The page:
It is illegal to ask about a candidate's religious affiliation, but permissible to ask if the candidate is able to work the required hours (some candidates may not be able to work weekends because of their religious observations).

You may not ask where a candidate comes from, but may ask if they are legally permitted to work in the United States.

Other than a minor, you cannot ask for a candidate's age or date of birth, but you may ask if they are 18 years old, or the minimum age necessary for job performance.

Marital Status:
It is not permissible to inquire whether a candidate is single, engaged, married or divorced, but you may ask if their spouse works for the company (for companies with nepotism policies).

Sexual orientation or gender:
It is illegal to make any inquiries about sexual orientation.

It is impermissible to ask if they have any disabilities, but you may outline the duties of the job and ask the candidate if they are able to fully perform them.

Employer Best Practices
In order to avoid potential pitfalls that can expose you to liability, it is always best to be fully prepared for interviews. This means knowing what you can and cannot inquire about, and remaining on point throughout the interview.

It may help, and certainly won't hurt, if you walk into the interview with a written list of issues and questions that you should not ask. The list above is a good start, and can be expanded by using common sense and simple etiquette. You wouldn't ask someone how much they weigh or about their sex life if you were at dinner, so you certainly shouldn't during a job interview. As stated, keep the questions to job-related issues and most potential "problem questions" evaporate.

In addition to avoiding prohibited topics and problem questions, it is important to avoid making anything that sounds like a promise. Promises in the job hiring process can be construed as either oral contracts or false pretenses, which can result in liability to the business if the relationship goes sour (or even if the relationship is fine but the promises are not met).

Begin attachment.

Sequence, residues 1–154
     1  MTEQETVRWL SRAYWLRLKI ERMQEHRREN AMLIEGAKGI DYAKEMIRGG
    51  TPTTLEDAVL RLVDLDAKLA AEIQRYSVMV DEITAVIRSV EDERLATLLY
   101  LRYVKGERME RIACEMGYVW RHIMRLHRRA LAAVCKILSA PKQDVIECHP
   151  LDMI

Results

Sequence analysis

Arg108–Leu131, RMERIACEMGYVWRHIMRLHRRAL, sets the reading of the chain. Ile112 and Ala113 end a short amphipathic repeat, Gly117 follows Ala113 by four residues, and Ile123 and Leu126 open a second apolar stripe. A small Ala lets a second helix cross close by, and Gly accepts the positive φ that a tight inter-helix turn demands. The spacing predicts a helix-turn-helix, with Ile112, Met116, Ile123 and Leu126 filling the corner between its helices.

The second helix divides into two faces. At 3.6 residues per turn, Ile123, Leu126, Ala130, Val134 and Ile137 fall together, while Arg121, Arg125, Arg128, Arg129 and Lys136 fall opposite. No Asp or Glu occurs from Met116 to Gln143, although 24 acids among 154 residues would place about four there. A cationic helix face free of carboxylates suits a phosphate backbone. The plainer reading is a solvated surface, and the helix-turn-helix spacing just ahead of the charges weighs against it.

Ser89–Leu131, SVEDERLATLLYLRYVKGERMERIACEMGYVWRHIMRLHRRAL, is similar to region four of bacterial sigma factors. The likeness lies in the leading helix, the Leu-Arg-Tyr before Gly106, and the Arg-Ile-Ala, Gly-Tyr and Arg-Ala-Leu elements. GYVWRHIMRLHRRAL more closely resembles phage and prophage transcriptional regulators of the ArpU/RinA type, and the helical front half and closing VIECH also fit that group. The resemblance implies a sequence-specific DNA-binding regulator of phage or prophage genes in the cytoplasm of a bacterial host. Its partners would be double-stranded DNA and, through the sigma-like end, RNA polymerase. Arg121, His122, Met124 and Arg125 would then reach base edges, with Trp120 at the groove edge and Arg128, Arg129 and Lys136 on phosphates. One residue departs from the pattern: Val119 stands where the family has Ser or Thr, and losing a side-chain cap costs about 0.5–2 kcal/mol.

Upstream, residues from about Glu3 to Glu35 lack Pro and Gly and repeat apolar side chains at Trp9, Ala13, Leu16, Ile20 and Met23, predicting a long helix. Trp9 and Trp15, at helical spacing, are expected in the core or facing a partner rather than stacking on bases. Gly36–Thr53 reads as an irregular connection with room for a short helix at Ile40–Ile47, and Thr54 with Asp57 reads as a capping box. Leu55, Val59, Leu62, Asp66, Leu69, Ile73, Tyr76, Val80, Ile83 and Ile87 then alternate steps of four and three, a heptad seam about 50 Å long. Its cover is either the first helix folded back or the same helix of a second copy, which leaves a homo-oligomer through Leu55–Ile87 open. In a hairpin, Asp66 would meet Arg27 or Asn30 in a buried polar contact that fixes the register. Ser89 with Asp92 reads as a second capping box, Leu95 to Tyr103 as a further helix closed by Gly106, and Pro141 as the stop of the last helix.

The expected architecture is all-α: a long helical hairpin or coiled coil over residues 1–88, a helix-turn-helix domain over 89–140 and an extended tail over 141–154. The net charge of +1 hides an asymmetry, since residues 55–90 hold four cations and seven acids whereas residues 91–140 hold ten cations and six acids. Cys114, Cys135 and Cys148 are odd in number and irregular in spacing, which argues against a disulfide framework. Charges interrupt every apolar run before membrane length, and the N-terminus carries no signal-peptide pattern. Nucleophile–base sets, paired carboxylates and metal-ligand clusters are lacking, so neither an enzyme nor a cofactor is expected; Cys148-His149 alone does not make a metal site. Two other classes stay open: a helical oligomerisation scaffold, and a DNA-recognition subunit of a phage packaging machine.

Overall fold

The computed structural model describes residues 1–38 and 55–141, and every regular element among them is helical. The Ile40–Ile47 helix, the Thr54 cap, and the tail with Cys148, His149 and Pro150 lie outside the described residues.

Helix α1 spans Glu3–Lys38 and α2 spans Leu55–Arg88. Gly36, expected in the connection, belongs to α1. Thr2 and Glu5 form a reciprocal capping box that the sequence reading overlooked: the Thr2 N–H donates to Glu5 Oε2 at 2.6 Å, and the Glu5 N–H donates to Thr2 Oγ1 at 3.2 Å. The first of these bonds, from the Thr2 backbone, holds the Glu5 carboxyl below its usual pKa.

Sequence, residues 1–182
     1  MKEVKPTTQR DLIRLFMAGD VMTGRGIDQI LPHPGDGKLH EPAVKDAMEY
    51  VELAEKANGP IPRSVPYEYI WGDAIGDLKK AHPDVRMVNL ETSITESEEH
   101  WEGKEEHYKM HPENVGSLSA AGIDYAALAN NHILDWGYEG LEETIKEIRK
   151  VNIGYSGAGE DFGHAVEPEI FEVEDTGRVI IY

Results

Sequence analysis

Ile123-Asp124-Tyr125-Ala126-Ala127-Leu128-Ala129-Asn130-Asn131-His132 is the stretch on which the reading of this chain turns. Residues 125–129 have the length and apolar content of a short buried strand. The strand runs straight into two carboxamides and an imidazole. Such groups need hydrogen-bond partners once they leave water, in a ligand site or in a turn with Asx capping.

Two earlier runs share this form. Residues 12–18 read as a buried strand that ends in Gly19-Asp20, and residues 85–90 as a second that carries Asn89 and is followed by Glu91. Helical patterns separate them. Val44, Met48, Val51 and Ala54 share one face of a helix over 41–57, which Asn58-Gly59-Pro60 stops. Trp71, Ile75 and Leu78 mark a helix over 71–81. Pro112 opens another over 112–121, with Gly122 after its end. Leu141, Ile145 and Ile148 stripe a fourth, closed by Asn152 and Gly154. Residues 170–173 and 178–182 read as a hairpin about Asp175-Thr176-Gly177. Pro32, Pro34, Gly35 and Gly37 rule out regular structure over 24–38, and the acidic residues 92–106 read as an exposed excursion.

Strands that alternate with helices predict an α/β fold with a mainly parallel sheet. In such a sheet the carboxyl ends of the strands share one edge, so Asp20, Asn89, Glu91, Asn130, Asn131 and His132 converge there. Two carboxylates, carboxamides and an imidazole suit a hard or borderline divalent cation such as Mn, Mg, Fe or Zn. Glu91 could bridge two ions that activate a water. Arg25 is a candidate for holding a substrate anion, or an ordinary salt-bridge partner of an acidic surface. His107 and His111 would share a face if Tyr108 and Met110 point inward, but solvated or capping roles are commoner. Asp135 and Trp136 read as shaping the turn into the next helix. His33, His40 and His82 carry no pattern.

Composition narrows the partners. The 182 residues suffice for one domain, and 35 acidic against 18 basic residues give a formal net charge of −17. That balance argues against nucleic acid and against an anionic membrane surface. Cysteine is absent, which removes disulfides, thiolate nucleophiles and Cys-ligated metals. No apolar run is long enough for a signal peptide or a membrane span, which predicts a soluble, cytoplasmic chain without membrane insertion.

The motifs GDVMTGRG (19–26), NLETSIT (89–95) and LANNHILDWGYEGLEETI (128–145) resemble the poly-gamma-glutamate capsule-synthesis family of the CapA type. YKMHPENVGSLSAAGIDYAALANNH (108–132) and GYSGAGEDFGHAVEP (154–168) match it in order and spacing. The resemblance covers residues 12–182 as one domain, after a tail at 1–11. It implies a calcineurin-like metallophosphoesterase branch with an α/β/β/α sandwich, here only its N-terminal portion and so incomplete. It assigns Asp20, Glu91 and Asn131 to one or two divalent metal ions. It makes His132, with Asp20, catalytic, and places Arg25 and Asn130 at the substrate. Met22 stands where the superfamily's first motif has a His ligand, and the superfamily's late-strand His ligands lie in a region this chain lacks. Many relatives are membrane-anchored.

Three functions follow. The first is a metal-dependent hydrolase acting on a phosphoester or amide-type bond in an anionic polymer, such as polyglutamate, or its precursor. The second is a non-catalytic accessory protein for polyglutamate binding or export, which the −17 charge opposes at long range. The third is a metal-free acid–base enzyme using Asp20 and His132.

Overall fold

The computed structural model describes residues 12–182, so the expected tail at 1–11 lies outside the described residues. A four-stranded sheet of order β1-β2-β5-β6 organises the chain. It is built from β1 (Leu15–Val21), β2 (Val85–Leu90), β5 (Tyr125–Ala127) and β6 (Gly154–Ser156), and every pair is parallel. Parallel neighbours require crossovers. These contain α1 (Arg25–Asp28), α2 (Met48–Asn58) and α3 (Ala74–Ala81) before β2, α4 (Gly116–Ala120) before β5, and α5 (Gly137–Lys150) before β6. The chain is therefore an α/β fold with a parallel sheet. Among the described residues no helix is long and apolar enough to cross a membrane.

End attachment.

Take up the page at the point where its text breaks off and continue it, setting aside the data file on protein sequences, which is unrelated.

The bottom line: just tell the truth. If the company has not expanded in years, don't tell a candidate that there has been fantastic growth. This is not the time for corporate pufferyif the candidate accepts the job and realizes that the company is actually stagnant, he may have grounds to sue.

A few subjects to avoid:

  • excessive assurances about job securityif you do so and they are laid off, they may sue for breach of contract.
  • promises or predictions about the company's financial forecastobservations of past performance and hopes for the future are completely acceptable, but don't overdo it.
  • statements about the company's stability.
  • misstatements about the job positionif they accept a certain job but later find that they are doing different duties, or a different job, employees may have grounds to sue.

At the end of the day, if you 1) avoid prohibited subjects (unless it's central to the job duties or asked in a permissible manner, above); and 2) keep the interview focused on the skills and behavior needed to perform the job duties, you will be within the parameters of the law and likely avoid liability.

For further information on hiring discrimination, click here.